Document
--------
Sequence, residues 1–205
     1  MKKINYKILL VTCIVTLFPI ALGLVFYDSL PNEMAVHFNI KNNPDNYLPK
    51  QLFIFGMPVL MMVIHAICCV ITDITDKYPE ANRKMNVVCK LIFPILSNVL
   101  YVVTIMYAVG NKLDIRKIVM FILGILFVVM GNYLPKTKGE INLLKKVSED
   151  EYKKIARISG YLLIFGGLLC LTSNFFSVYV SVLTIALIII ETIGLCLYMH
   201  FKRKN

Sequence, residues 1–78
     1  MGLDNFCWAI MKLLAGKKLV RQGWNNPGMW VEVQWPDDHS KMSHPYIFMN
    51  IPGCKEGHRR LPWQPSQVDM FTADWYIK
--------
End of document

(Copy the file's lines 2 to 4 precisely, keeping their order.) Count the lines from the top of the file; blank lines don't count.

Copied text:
     1  MKKINYKILL VTCIVTLFPI ALGLVFYDSL PNEMAVHFNI KNNPDNYLPK
    51  QLFIFGMPVL MMVIHAICCV ITDITDKYPE ANRKMNVVCK LIFPILSNVL
   101  YVVTIMYAVG NKLDIRKIVM FILGILFVVM GNYLPKTKGE INLLKKVSED